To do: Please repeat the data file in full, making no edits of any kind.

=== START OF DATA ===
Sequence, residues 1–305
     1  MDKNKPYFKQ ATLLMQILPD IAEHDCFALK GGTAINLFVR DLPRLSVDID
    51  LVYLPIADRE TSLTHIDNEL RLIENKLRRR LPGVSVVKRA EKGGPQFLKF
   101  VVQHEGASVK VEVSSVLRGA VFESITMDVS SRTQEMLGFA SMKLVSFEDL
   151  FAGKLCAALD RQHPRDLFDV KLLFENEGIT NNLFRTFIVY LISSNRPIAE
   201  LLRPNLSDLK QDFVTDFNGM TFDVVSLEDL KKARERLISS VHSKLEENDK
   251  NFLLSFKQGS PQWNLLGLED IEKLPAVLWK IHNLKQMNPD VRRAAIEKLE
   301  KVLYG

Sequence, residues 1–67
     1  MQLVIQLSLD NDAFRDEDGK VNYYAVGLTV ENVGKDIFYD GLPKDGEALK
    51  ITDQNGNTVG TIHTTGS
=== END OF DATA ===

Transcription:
Sequence, residues 1–305
     1  MDKNKPYFKQ ATLLMQILPD IAEHDCFALK GGTAINLFVR DLPRLSVDID
    51  LVYLPIADRE TSLTHIDNEL RLIENKLRRR LPGVSVVKRA EKGGPQFLKF
   101  VVQHEGASVK VEVSSVLRGA VFESITMDVS SRTQEMLGFA SMKLVSFEDL
   151  FAGKLCAALD RQHPRDLFDV KLLFENEGIT NNLFRTFIVY LISSNRPIAE
   201  LLRPNLSDLK QDFVTDFNGM TFDVVSLEDL KKARERLISS VHSKLEENDK
   251  NFLLSFKQGS PQWNLLGLED IEKLPAVLWK IHNLKQMNPD VRRAAIEKLE
   301  KVLYG

Sequence, residues 1–67
     1  MQLVIQLSLD NDAFRDEDGK VNYYAVGLTV ENVGKDIFYD GLPKDGEALK
    51  ITDQNGNTVG TIHTTGS